Music review: Promise and Promiscuity: A New Musical by Jane Austen and Penny Ashton
Music review: Promise and Promiscuity: A New Musical by Jane Austen and Penny Ashton

Edinburgh Festival Fringe music review: Promise and Promiscuity: A New Musical by Jane Austen and Penny Ashton, reviewed by The Scotsman’s Sally Stott. ★★★★ “Men do not value thinking in a lady,” Elspeth’s mother tells her. It sounds like it could be a line from Jane Austen’s Pride and Prejudice. Maybe it is. Sometimes it’s …

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Promise and Promiscuity

Edinburgh Festival Fringe music review: Promise and Promiscuity: A New Musical by Jane Austen and Penny Ashton, reviewed by The Scotsman’s Sally Stott.

★★★★

“Men do not value thinking in a lady,” Elspeth’s mother tells her. It sounds like it could be a line from Jane Austen’s Pride and Prejudice. Maybe it is. Sometimes it’s hard to tell where New Zealander Penny Ashton’s writing ends and Austen’s begins. At other times it’s very easy, such as when her delightfully silly characters talk about going shopping down the “Primemarket” or declare “Every time I come to Quigley I’m reminded how glad I am I’m not poor.”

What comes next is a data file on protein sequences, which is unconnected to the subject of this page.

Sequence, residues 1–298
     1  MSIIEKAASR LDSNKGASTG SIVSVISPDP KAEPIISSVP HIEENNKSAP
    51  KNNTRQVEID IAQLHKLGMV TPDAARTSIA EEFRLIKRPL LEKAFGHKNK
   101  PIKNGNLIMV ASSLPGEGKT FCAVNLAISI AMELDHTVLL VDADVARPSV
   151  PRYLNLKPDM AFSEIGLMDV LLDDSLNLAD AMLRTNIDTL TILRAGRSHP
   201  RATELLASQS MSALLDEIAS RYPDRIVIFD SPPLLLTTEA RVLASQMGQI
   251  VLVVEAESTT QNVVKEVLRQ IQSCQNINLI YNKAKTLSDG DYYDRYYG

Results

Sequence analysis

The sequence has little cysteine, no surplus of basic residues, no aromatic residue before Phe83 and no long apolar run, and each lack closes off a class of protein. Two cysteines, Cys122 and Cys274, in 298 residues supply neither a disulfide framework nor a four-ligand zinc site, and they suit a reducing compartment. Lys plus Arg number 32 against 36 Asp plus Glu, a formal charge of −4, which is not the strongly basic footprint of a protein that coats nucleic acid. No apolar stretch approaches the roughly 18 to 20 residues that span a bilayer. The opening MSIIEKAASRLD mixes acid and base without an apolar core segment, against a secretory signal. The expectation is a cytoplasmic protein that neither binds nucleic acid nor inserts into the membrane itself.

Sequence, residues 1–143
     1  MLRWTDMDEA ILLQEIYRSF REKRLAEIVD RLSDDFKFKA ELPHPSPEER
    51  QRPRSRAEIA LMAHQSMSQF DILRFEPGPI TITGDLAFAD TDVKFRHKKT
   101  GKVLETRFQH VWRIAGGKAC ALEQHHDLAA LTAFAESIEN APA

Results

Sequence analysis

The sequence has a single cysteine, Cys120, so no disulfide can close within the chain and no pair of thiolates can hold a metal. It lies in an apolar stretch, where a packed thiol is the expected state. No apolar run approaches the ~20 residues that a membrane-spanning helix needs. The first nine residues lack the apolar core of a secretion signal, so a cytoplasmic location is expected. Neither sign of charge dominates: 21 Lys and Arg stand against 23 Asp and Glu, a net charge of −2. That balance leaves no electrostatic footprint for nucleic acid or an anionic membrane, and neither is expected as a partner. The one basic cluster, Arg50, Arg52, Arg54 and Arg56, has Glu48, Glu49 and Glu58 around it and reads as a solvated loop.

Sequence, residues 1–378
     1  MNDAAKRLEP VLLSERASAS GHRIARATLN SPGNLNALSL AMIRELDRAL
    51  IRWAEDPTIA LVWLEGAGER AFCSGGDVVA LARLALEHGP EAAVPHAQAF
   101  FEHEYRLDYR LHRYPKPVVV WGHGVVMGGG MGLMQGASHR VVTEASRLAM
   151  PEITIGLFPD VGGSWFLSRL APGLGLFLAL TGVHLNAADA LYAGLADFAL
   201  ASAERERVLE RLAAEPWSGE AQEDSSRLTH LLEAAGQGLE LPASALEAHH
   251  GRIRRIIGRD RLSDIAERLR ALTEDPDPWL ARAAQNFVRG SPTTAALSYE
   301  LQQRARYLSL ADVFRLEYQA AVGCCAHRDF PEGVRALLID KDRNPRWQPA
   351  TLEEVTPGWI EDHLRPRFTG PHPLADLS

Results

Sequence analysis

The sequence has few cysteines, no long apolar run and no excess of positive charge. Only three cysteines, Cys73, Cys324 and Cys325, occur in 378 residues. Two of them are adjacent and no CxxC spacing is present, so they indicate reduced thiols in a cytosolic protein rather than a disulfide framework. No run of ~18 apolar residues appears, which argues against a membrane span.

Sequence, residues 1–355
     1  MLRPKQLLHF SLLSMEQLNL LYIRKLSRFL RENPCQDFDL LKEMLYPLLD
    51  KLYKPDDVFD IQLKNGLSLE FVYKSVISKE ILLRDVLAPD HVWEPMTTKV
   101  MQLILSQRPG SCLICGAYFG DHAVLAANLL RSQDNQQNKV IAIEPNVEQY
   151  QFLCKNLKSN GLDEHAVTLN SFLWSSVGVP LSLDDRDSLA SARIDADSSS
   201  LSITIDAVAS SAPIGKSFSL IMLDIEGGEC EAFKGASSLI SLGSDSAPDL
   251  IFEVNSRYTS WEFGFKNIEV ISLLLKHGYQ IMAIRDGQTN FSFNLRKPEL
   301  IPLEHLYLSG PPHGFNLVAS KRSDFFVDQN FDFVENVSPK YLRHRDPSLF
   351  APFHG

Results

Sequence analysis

Also inspired by Sense and Sensibility and Austen’s own career as a writer, at a time when women sometimes adopted male pseudonyms to get published, it pays homage to the much-loved author by poking fun at class snobbery and mashing this together with the tone of a 1980s British TV comedies such as Blackadder. Playing all of the over-excitable ensemble, at the centre of which is the contrastingly astute Elspeth, Ashton is a sparkling performer whose energy bounces off the stage as she jumps, skips and dances through the show.

As the secret author of a serialised “pirate novella”, Elspeth is on a quest to find a man who doesn’t treat a woman “like a turnip”, and her cousin Horatio isn’t really cutting it.

Meanwhile her gregarious mother is keen to marry her off to anyone with more money than they, the struggling-but-not-that-struggling Slowtree family.

While it’s a one-woman show, Ashton conjures up so many funny little characters it feels like you’re watching a gloriously camp full-scale musical production.

With original songs (composed by Robbie Ellis), and the odd bit of Beethoven, Delibes and Strauss, Ashton sings with the charm of Julie Andrews, but also celebrates the determination of women to succeed throughout history despite having to put up with an awful lot of “bullshit”.

Assembly George Square Studios (Venue 17) until 31 August / listings

Published in The Scotsman on 26 August 2015

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